What worked for 1948 society does not necessarily lend itself nicely to contemporary life, so when architect Mark Hammer was hired to add on to the Global Style house, he had some serious rearranging to do. “The house had a very formal arrangement with absolutely no link to contemporary family dwelling,” he says. His intervention needed to provide a brand new heart for the sprawling residence and gathering spaces for an active family, with more private areas spinning from this centre.
Hammer also wanted to honor the architecture of the house, located on land that was originally an extended portion of architect Nathaniel Saltonstall’s layout for The Colony. The Colony has a star-studded and literati-laden history; it became a very private spot for creative forms and celebrities to unwind and unwind in peace, while mingling together.
It was initially developed by Saltonstall and his partner Oliver Morton as a private club for modern art collectors in Wellfleet, Massachusetts. This city and the larger area about it on the tip of Cape Cod (also known as “the outer Cape”) have a long tradition of regional mid-century modernism. Hammer has analyzed this fashion, honored it when working on projects, fought to conserve it, brought it into the general public via an yearly house tour, and shared it via an exhibition he curated (running now through September 11, 2011). This project is an excellent illustration of how to preserve the original structure, which makes it work for a contemporary family, and add to it in a way that not only respects its history, but enhances it.
Let’s dive into the new heart of the house and spin out of there, as Hammer’s addition/reassembly does. This family room has a strong link to the outside. It reveals the structural system of extended fir post-and-beam structure, and the ceilings throughout the house have been crafted of fir decking. Hammer left the ceilings from the original portion of the home painted white, whereas the ceilings in the new addition are organic.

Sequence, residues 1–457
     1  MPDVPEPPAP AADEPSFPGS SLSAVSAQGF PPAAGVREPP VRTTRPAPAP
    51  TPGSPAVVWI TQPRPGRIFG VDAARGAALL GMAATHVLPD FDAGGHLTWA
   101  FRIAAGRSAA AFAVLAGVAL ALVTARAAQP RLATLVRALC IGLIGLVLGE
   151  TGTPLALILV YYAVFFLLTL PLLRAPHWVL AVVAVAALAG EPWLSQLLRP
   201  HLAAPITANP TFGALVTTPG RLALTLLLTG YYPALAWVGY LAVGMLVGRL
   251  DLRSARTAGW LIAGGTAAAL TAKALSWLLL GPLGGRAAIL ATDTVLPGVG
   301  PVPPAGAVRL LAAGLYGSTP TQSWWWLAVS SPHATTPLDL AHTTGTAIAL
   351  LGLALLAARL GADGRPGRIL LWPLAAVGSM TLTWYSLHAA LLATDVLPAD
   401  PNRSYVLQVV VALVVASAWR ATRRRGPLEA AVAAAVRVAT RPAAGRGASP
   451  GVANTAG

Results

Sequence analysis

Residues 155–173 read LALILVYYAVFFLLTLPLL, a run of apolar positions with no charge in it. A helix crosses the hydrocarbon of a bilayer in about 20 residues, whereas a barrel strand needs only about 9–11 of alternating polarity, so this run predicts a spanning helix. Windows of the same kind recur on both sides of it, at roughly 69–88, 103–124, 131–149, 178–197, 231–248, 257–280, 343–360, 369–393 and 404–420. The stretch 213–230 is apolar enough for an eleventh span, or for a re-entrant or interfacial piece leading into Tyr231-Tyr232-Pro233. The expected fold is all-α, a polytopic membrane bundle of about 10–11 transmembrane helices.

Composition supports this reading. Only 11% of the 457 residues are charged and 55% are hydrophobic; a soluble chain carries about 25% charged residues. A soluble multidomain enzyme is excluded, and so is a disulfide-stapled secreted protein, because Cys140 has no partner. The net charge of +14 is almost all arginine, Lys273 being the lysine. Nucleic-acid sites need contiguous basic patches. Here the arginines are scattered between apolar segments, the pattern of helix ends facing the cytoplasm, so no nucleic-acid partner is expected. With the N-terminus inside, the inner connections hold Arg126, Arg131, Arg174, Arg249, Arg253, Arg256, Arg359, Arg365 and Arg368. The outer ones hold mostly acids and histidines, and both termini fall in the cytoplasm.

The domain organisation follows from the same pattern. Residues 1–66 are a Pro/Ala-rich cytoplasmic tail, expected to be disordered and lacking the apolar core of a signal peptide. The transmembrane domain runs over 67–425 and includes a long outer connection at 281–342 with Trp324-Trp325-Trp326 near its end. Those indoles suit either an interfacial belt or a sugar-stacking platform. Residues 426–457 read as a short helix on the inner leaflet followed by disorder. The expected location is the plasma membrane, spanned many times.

Look closely in this rendering — see the chimney in red toward the middle? It helps orient you as we take this excursion together. That is where the core of the residence is — involving the kitchen revealed above and also the living room revealed below.
The very best approach to take in this residence would be to jump between inside and out; the house is quite clear and blurs this line with broad expanses of glass, covered outdoor locations, views throughout the house from outside, and transom windows that get rid of the warm air (more on that later).
This brand new centre encompasses the common regions of the house, while private wings (one for children, one for parents, and one for guests), branch off in various directions. “The kitchen is the hub of all, and everything turns away of that,” Hammer says.
This really is a really active home with several generations and people staying together during the summers.
On the right side of the picture, you’ll see the large Italian tiles that cover the fireplace. These tiles have a metallic finish to them, and their scale stands around the size of their fireplace and large, open rooms.
The center dividers in the front facade are 9-foot sliding doors stored in the original house. The contemporary trellis on the left side leads to the front door.
Here’s a closeup of the entrance walkway and trellis, showing how those beams extend from indoors to out.